392 miles from London we reach another capital city. With close ties to England for over 2000 years, its sea, road and rail links have played an important part in Edinburgh’s rise as a political and commercial centre for Scotland.
A ‘journey coach’ to London had been introduced in 1652; it took a fortnight to make the journey. In 1713 the main radial roads into Edinburgh were turnpike. Post Coach services between London and Edinburgh were launched in 1786.
By the 7th century a celtic hill fort known as Din Eidyn had been established on one of the prominent Edinburgh hills (Castle Rock, Arthur’s Seat or Calton Hill). Subsequently, the area came under the control of the Anglo-Saxon Kingdom of Northumbria – and largely remained so until the 10th century. In 1020 Malcolm II permanently annexed Edinburgh to Scotland.
In 1128 Holyrood Abbey was founded beneath Arthur’s Seat by David I. He went on to build the formidable royal castle which continues to dominate the city. By the mid 14th century Edinburgh was being described as the capital of Scotland. The city’s population grew over the next 500 years, but was constrained to a small area along the “Royal Mile”. Rich and poor lived in close proximity, and Edinburgh’s filthy wynds and overcrowded tenements were legend.
A unique initiative to address the problem was floated in 1750s. A New Town was to be built to the north of the ‘Nor Loch’ to attract back to Scotland the absentee noblemen who now lived in London. Fine architecture and street names such as George Street, Queen Street, Hanover Street, Frederick Street and Princes Street underlined the loyalty of the town council to the Union and the Hanoverian monarch George III.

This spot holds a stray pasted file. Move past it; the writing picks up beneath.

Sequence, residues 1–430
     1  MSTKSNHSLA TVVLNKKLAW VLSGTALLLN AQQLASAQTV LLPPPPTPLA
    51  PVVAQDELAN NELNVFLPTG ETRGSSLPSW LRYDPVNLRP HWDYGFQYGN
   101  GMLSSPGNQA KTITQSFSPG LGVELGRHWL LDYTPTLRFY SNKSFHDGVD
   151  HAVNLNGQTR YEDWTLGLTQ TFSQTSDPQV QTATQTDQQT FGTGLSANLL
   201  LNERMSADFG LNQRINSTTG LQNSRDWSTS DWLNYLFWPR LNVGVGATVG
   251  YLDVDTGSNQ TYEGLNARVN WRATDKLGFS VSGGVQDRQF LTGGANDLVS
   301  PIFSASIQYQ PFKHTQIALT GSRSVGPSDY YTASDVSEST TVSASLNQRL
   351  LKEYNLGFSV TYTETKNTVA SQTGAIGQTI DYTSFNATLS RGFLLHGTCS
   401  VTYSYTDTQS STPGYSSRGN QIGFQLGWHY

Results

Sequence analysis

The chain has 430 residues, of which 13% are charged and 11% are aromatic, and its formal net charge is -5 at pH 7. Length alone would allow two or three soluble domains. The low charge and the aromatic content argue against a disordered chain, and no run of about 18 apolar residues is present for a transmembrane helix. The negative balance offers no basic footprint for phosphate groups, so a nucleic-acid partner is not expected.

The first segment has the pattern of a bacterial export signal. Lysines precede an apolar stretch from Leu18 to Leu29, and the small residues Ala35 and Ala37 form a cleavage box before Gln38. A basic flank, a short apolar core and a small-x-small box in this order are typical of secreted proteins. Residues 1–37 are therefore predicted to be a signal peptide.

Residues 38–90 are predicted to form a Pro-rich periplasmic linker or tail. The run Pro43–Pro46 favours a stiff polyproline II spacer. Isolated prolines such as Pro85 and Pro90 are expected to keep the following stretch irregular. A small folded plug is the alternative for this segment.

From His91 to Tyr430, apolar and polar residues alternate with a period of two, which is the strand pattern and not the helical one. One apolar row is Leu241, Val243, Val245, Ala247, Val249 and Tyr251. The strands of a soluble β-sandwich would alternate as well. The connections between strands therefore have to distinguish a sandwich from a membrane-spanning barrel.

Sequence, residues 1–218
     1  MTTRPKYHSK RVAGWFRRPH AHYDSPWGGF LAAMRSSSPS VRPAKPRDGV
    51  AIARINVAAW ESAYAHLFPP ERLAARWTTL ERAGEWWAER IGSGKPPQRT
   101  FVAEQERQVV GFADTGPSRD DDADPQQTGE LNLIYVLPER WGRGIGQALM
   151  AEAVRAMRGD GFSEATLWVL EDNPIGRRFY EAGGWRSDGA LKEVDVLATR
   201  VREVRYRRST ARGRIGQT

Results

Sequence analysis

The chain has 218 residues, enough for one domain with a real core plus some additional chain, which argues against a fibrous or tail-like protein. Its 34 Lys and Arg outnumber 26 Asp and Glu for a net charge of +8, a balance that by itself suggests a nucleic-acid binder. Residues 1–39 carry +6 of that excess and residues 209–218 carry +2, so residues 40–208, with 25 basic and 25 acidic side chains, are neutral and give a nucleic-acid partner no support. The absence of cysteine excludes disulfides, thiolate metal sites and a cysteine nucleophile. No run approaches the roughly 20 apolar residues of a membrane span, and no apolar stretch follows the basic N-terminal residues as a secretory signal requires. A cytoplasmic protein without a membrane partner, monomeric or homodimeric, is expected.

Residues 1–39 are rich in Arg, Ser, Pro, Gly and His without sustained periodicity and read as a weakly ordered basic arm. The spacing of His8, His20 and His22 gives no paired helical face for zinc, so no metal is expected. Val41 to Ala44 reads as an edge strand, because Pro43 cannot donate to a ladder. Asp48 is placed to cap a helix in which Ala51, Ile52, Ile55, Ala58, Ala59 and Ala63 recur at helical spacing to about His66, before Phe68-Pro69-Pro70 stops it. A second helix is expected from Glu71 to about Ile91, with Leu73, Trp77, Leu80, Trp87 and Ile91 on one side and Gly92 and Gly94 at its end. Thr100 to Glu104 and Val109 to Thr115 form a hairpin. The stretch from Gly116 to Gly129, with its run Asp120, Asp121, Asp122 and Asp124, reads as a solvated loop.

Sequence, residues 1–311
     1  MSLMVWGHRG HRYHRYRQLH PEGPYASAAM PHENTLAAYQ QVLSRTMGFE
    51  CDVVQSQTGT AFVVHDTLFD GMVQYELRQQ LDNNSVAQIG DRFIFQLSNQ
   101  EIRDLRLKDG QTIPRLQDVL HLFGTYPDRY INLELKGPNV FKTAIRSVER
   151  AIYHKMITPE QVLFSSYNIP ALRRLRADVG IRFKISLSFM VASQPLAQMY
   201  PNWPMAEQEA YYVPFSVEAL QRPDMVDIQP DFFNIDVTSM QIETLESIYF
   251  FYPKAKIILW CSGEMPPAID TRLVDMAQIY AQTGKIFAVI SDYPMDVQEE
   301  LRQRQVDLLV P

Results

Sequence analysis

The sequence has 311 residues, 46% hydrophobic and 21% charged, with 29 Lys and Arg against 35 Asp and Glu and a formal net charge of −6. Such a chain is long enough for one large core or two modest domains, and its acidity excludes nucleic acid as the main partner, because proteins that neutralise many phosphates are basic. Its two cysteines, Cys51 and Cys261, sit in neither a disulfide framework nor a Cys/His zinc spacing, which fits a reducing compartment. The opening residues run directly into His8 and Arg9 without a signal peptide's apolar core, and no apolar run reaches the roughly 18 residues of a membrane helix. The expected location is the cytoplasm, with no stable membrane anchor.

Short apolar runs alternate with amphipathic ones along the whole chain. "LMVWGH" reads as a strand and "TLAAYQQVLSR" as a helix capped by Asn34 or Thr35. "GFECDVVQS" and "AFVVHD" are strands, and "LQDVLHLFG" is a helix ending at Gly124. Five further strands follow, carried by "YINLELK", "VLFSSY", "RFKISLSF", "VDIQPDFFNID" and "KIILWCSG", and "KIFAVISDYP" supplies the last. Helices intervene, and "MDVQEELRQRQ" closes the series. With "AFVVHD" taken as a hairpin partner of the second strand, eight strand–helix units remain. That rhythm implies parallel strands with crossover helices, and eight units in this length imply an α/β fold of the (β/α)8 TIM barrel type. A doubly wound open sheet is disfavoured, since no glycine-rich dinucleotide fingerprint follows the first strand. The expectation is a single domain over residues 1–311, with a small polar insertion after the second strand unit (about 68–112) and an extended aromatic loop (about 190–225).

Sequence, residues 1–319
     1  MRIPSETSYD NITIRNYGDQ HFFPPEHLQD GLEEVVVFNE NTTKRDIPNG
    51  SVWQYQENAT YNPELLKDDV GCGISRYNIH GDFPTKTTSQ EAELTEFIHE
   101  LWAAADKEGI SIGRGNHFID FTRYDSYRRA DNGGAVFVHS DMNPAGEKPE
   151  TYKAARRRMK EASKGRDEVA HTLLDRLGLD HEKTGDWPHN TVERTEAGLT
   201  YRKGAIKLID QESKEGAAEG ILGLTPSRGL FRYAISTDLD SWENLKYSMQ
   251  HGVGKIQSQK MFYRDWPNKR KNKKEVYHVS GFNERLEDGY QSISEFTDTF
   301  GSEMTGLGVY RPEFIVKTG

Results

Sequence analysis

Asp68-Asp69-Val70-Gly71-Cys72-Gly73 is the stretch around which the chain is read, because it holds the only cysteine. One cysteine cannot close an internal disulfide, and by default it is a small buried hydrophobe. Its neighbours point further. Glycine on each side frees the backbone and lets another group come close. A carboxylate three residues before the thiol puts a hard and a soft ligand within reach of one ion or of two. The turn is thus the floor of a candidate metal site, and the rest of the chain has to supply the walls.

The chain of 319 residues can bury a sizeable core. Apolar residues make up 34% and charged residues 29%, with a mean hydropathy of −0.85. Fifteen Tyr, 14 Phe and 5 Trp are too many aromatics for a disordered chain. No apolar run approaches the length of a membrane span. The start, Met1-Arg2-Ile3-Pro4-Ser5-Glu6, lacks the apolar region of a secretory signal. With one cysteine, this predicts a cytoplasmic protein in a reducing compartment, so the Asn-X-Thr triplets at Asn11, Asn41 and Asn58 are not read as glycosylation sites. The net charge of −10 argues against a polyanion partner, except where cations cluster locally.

Nor Loch was drained forming Princes Gardens. The Old and New Towns were linked in two ways – an artificial “Mound” and the “North Bridge”.
Industrialisation in Scotland was biased towards Glasgow and the Clyde. Glasgow had overtaken Edinburgh in terms of population by 1821. As engineering, cotton, coal and shipbuilding prospered elsewhere so Edinburgh developed its banking, insurance and printing services to support the new industries and growing population. Edinburgh became the most important financial city in Britain outside London. Some of the greatest publications of the period – notably the Encyclopaedia Britannica – were first produced in Edinburgh. The University of Edinburgh was founded in the 16th century and has grown in scope and scale, also becoming a key component in the make-up of a unique and vibrant city.
The images below provide links to additional information either on this website or elsewhere.
British Pathe newsreel showing the opening of the Stamford by-pass in 1960